Miami’s multifamily market slowed down dramatically at the start of COVID-19 and now has quickly rebounded to record levels.
Collections and occupancies are excellent, new supply is quickly absorbed, population/household growth is on fire, the job market has largely rebounded, wages are up, home prices are at record levels — meaning more people are renting — and limited land is keeping construction in balance.
Going forward, the market is ideally positioned for continued long-term growth thanks to positive market fundamentals and continued strong sales activity.
Demand for rentals was strong pre-pandemic and will grow even greater in the post COVID-19 era as South Florida continues to increase its resident count. Between 2020 and 2021, South Florida added 42,842 residents, including 14,318 new residents in Miami-Dade County. With the influx of residents, South Florida is expected to have over 37,000 new households created each year over the next five years.
That represents over 14,800 new renters per year, assuming 60 percent of households enter homeownership and 40 percent rent, which is in line with historical ratios.
Record year for sales
2021 was a record-setting year for the South Florida multifamily market. The region experienced 603 multifamily sales totaling $11.4 billion, which is more than double the annual record of $5.5 billion set in 2016.
All three South Florida counties also had record average per unit sales with Miami-Dade at $278,432 per unit, Broward at $281,163 per unit and Palm Beach at $292,221 per unit.
Sales were evenly distributed across South Florida as Miami-Dade County recorded 35 percent of total sales volume while Broward County came in at 38 percent and Palm Beach at 27 percent. The types of deals across the region, however, varied.
In Miami-Dade County, 78 percent of all dollar sale activity was in Class B and C product, whereas in Broward County 50 percent was in Class A and in Palm Beach County 92 percent was in Class A or B.
Effective rents in 2021 increased by 19.7 percent in Miami-Dade County, with the average rental rate sitting at $1,997 per month. The Coral Gables submarket within Miami-Dade is among a handful of areas in South Florida with rents that surpassed the average at over $2,500 per unit.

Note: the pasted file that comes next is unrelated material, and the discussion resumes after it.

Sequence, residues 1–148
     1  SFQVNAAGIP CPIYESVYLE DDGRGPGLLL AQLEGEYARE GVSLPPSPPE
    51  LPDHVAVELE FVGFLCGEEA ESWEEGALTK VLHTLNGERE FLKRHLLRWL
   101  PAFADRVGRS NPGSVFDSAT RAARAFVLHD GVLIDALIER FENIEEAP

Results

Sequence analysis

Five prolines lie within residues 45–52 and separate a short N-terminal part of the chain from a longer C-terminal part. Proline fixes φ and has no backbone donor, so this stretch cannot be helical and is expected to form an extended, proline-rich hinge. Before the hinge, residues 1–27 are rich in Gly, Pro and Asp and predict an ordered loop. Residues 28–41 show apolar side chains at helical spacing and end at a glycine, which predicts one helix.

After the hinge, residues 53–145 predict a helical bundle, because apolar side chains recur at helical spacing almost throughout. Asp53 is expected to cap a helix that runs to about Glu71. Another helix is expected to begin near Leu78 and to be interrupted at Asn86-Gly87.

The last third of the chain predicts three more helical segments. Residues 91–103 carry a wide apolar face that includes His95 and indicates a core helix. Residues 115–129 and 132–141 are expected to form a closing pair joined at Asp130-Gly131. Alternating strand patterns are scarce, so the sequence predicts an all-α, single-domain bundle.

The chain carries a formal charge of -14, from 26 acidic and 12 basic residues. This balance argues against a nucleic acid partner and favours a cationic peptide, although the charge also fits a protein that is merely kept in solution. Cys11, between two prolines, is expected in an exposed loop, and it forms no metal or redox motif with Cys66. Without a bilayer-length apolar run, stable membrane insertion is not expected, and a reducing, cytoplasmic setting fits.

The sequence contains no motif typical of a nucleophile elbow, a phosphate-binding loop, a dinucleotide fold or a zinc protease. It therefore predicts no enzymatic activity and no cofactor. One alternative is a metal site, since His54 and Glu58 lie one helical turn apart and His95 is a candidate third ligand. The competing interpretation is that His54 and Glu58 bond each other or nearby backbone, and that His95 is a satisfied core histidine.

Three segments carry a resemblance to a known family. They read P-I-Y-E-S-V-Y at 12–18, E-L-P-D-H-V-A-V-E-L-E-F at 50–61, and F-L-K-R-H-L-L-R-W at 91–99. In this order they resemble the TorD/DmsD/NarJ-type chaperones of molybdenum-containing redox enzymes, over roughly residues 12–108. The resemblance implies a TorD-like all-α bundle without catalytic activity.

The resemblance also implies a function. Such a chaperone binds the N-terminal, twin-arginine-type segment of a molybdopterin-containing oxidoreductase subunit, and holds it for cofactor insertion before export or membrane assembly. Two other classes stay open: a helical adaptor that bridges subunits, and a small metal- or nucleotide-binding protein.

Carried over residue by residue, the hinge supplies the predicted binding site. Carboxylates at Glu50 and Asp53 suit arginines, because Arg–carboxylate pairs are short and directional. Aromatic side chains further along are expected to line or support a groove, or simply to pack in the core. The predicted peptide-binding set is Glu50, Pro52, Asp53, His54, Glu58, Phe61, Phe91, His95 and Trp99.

The exceptionally strong rental prices across South Florida are supported by rental demand due to continued population growth, the single-family housing pricing surge, snapback in rent growth from a static 2020 and almost 20,000 units in net absorption.
For the first time in almost 20 years, all three South Florida counties have sub-5 percent vacancy rates. In fact, vacancies in Miami-Dade fell to 3.2 percent, compared to 3.2 percent in Broward and 4.1 percent in Palm Beach. Within Miami-Dade, three submarkets — Westchester/Tamiami, Kendall and Hialeah/Miami Lakes — each had less than 2 percent vacancy rates.
Low vacancy in the region is largely due to there being 19,136 net units absorbed in South Florida in 2021 and only 7,362 new units delivered for the same time period. While positive net absorption fueled by strong rental demand has created limited rental supply, there are 17,893 units scheduled for delivery in 2022, which is needed to keep pace with demand.
Keeping pace with demand
There are 36,414 units under construction in South Florida, representing 11.3 percent of current apartment inventory. Brickell/Downtown and Hialeah/Miami Lakes — two Miami-Dade County submarkets — have the greatest number of units under construction with 8,305 and 2,505 units, respectively.
Over the past five years, 34,499 units have been built, which comes out to an average of 8,625 units annually. For the same period, net absorption in South Florida averaged 10,101 units per year.
In short, this means rental demand and supply remain in balance, albeit last year net absorption was almost triple the new supply added to the market. It’s important to keep in mind that as new units continue to be built and absorbed within the market, vacancies will remain limited.
That last statement is especially true when looking at South Florida’s population growth, which has increased by 135,130 over the past five years. Given 34,499 new apartment units were built, this means one unit has been built for every 3.9 net new people coming to the region.
Because South Florida is expected to see a positive net migration of 323,062 people (which is higher than last year’s projections), the region would need over 82,000 new rentals to keep pace with population growth for the next five years.
What’s in store for 2022?
COVID-19 has changed how people live, work and invest, and the South Florida multifamily market has experienced this first-hand.
In 2022, more individuals, companies and investors will continue migrating to South Florida to take part of the region’s business-friendly environment, year-round climate, lifestyle and existing and new infrastructure.
— By Calum Weaver, Executive Managing Director of Cushman & Wakefield. This article was originally published in the May 2022 issue of Southeast Real Estate Business.
Source: RE Business